Social Disparities Influence Epidural Use During Childbirth, Study Finds


A recent study conducted by researchers at Columbia University Mailman School of Public Health and Columbia Vagelos College of Physicians and Surgeons (P&S) has revealed that social inequity is linked to lower use of neuraxial analgesia, specifically epidurals or spinal pain relievers, among non-Hispanic white women and African American women. The findings, published in Obstetrics & Gynecology, highlight the need to address social inequities in order to improve pain management during childbirth and reduce racial disparities in maternal health outcomes.

Neuraxial analgesia, which includes techniques such as combined spinal and epidural analgesia, is considered the most effective method for pain relief during labor and has been shown to reduce severe maternal morbidity. In the United States, approximately three-quarters of women in labor receive neuraxial analgesia. However, the study found that African American women are approximately 10% less likely to receive this pain relief method compared to white women.

The study identified several factors that contribute to the lower utilization of neuraxial analgesia among African American women. These include patient preference, often due to inadequate prenatal education on pain management options during labor, and limited access to labor neuraxial analgesia in the delivery hospital, which can be attributed to the absence of a dedicated obstetric anesthesia team available 24/7.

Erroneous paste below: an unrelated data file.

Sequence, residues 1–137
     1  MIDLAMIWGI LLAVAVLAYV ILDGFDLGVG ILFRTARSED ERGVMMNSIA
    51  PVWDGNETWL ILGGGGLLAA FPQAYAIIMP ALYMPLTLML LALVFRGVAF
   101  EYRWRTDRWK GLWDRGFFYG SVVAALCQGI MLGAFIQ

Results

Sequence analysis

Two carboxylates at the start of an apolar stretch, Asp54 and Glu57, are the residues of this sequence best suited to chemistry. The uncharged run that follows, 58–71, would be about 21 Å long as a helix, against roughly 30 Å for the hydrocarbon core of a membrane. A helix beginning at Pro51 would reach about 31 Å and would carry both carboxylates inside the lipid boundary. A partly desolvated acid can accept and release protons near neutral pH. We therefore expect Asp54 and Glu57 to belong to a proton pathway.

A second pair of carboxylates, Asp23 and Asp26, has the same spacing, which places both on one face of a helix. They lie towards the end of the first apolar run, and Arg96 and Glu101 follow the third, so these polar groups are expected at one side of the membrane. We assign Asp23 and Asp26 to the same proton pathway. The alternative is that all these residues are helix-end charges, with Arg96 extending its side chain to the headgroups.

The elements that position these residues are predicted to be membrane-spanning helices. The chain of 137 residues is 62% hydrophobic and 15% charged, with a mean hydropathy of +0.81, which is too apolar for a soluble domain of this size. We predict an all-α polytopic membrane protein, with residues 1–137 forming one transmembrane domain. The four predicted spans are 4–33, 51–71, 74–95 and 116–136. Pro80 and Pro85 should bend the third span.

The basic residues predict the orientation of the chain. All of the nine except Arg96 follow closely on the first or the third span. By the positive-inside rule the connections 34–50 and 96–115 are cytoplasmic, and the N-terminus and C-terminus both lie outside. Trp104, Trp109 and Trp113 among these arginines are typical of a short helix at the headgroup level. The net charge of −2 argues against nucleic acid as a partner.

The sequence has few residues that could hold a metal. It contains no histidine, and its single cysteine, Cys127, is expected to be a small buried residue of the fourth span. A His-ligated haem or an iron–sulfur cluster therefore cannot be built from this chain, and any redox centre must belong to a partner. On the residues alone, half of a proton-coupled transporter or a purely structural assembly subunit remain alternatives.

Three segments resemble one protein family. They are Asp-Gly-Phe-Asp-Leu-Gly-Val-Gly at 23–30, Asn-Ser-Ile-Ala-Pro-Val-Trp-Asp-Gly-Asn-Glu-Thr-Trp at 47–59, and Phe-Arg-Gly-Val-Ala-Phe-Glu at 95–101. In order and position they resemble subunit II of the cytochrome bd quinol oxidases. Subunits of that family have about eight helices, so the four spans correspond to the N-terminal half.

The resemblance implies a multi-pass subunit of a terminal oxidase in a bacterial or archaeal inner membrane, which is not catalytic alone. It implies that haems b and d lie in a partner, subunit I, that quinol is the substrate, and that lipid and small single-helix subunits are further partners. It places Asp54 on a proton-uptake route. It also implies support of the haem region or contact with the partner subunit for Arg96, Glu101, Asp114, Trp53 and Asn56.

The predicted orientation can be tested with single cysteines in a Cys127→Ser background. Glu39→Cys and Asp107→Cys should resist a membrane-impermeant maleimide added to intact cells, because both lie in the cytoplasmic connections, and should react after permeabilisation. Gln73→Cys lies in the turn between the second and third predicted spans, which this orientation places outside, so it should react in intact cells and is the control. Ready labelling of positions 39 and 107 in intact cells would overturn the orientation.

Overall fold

Social inequity and racism are also significant contributors to the racial and ethnic disparities observed in the use of labor neuraxial analgesia. Jean Guglielminotti, MD, Ph.D., assistant professor of anesthesiology at Columbia P&S and first author of the study, emphasized that structural, institutional, and interpersonal racism must be addressed in order to improve access to perinatal care and reduce racial disparities in maternal health outcomes.

To examine the association between social inequity and the use of labor neuraxial analgesia, the researchers analyzed data from 1.7 million African American and white women in labor across 45 U.S. states and the District of Columbia in 2017. Social inequity was measured using an index based on the Black-to-white inequity ratios in low education rates, unemployment rates, and incarceration rates.

The study revealed that in counties with the highest social inequity index, 78% of white women and 72% of African American women received labor neuraxial analgesia. After adjusting for demographic and clinical characteristics, African American women had a 17% decreased odds of receiving this form of pain relief compared to white women.

Furthermore, the study found that giving birth in counties with high social inequity was associated with a 16% decrease in neuraxial analgesia use among white women and a significant 28% decrease among African American women, when compared to counties with low social inequity.

Guglielminotti highlighted an important finding of the study, noting that social inequity negatively impacts both white and African American women. This suggests that the healthcare system may not be operating optimally when racism undermines policies, practices, and procedures, ultimately affecting all individuals who seek care.

These findings underscore the need for comprehensive efforts to address social inequities and racial disparities in maternal health. By improving access to prenatal education and ensuring adequate availability of pain management options during labor, healthcare providers and policymakers can work towards providing equal and effective care for all women, regardless of race or ethnicity.


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